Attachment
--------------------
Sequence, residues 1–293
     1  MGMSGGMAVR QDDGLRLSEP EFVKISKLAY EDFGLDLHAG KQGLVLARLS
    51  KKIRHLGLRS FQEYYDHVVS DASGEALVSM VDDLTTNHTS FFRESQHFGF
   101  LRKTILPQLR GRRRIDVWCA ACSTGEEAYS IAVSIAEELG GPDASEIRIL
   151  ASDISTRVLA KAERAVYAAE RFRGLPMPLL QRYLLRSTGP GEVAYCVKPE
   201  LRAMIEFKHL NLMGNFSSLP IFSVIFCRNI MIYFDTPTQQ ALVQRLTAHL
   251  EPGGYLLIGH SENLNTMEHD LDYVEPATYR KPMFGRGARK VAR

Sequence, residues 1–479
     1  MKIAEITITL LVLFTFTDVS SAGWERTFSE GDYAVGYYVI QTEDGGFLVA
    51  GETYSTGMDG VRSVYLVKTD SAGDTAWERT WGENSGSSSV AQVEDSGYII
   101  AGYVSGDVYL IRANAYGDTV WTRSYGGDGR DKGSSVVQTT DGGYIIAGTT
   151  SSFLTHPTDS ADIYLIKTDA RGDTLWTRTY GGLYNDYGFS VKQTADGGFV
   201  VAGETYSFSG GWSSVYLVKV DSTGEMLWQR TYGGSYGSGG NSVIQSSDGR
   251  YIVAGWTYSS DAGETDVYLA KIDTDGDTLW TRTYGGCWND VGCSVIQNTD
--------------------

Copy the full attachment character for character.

Sequence, residues 1–293
     1  MGMSGGMAVR QDDGLRLSEP EFVKISKLAY EDFGLDLHAG KQGLVLARLS
    51  KKIRHLGLRS FQEYYDHVVS DASGEALVSM VDDLTTNHTS FFRESQHFGF
   101  LRKTILPQLR GRRRIDVWCA ACSTGEEAYS IAVSIAEELG GPDASEIRIL
   151  ASDISTRVLA KAERAVYAAE RFRGLPMPLL QRYLLRSTGP GEVAYCVKPE
   201  LRAMIEFKHL NLMGNFSSLP IFSVIFCRNI MIYFDTPTQQ ALVQRLTAHL
   251  EPGGYLLIGH SENLNTMEHD LDYVEPATYR KPMFGRGARK VAR

Sequence, residues 1–479
     1  MKIAEITITL LVLFTFTDVS SAGWERTFSE GDYAVGYYVI QTEDGGFLVA
    51  GETYSTGMDG VRSVYLVKTD SAGDTAWERT WGENSGSSSV AQVEDSGYII
   101  AGYVSGDVYL IRANAYGDTV WTRSYGGDGR DKGSSVVQTT DGGYIIAGTT
   151  SSFLTHPTDS ADIYLIKTDA RGDTLWTRTY GGLYNDYGFS VKQTADGGFV
   201  VAGETYSFSG GWSSVYLVKV DSTGEMLWQR TYGGSYGSGG NSVIQSSDGR
   251  YIVAGWTYSS DAGETDVYLA KIDTDGDTLW TRTYGGCWND VGCSVIQNTD